In the area of refrigeration and ice machine purchases, walk-in and reach-in refrigerators (51 percent) are the products most likely to be purchased. Other leading items from this category include ice makers (38 percent), undercounter refrigeration (35 percent), refrigerated prep tables (34 percent) and worktops (31 percent).

Looking back at 2005, sales volume met (47 percent) or exceeded expectations (34 percent) for a vast majority of operators. And from 2004 to 2005, sales volume increased for 59 percent of operators, with the average increase reported being approximately 11 percent. Operators attribute their strong showing to higher customer levels and better advertising efforts.

Among operators reporting lower than expected revenues (19 percent), some of the factors cited include high gas prices (45 percent), economic conditions (36 percent), and weather conditions (29 percent) such as hurricanes, storms and a hotter than normal summer.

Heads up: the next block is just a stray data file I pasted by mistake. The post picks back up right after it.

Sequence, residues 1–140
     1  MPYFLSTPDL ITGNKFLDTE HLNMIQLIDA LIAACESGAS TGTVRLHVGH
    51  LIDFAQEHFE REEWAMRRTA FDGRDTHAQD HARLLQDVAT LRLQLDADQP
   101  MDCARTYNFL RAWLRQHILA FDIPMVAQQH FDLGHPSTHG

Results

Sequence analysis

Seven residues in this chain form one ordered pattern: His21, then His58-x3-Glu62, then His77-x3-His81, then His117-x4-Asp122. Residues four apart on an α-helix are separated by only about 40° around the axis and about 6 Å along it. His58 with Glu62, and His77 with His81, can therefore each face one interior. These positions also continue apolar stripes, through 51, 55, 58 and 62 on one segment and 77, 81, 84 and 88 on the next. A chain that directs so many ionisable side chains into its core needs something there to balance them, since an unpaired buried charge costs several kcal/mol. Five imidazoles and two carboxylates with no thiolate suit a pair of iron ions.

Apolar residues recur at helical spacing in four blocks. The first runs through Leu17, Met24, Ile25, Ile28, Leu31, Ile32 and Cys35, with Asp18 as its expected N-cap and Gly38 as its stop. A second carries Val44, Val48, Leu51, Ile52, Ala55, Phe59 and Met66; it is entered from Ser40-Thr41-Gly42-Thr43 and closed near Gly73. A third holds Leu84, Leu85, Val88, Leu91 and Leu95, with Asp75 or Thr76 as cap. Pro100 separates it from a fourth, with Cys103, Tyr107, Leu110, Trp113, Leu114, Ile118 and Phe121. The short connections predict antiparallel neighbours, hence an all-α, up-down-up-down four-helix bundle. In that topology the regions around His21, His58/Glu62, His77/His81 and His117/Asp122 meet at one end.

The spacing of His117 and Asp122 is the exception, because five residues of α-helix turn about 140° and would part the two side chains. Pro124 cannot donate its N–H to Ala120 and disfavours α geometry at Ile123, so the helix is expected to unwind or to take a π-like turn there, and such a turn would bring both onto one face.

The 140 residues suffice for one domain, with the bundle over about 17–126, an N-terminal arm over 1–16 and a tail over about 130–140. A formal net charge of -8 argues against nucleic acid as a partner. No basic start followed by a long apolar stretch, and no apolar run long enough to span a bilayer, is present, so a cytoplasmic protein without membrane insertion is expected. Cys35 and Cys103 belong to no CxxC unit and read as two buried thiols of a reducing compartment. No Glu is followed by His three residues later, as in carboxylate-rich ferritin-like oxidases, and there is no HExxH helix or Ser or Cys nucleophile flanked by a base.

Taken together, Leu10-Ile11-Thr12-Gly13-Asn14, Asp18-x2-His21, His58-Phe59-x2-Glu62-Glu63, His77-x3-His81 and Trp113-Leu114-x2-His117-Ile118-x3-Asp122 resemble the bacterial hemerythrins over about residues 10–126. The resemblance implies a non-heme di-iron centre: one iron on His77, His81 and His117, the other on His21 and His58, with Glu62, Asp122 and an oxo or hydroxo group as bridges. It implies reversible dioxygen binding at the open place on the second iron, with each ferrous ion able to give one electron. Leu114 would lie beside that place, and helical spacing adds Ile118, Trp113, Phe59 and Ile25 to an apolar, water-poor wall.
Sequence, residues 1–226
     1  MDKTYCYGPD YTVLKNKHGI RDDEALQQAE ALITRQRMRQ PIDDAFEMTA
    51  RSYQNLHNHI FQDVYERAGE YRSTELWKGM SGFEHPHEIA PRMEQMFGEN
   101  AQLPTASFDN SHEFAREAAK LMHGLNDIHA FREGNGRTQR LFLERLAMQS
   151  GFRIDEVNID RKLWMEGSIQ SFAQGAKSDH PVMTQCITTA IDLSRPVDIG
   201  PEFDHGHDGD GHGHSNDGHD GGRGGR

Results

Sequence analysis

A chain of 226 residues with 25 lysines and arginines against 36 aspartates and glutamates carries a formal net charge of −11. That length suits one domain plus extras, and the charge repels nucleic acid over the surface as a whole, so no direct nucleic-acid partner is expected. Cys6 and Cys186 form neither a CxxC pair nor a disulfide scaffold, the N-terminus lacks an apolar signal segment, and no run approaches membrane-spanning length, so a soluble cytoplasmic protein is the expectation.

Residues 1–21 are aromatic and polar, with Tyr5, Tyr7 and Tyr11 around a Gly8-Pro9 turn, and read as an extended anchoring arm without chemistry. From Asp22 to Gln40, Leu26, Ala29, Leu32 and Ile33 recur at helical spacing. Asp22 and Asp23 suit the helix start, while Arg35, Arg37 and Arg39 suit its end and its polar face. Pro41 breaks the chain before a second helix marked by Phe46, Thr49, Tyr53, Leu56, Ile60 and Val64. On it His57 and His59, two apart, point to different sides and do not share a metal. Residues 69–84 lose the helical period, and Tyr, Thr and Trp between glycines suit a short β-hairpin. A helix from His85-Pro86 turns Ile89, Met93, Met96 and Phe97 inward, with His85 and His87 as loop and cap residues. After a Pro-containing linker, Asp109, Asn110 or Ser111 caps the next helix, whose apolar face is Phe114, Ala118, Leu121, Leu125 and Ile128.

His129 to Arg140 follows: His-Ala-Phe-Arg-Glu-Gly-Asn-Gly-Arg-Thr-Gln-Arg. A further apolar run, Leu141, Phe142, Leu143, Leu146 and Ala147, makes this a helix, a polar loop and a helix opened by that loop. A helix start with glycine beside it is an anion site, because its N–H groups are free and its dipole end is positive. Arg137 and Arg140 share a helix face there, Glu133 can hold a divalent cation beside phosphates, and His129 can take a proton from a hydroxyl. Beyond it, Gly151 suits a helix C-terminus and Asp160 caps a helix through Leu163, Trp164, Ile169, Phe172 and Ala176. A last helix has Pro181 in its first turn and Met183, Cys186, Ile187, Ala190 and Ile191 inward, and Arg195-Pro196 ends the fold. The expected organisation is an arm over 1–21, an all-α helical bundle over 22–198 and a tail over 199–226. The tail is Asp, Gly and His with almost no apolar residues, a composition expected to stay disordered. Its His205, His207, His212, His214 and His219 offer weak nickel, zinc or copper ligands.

By and large, gross profit levels improved (49 percent) or at least held steady at 2004 levels (31 percent), according to the participating operators. Taking a closer look at commercial operators, 52 percent reported an increase in gross profit and 26 percent indicated this area maintained 2004 levels. Looking at gross profits among non-commercial operators, 41 percent reported an increase and 41 percent also reported that they stayed the same.

With respect to technology investments made in 2005, food safety (59 percent) was the most popular among operators, followed by point-of-sale systems (47 percent), food production (37 percent) and laptop computers (31 percent).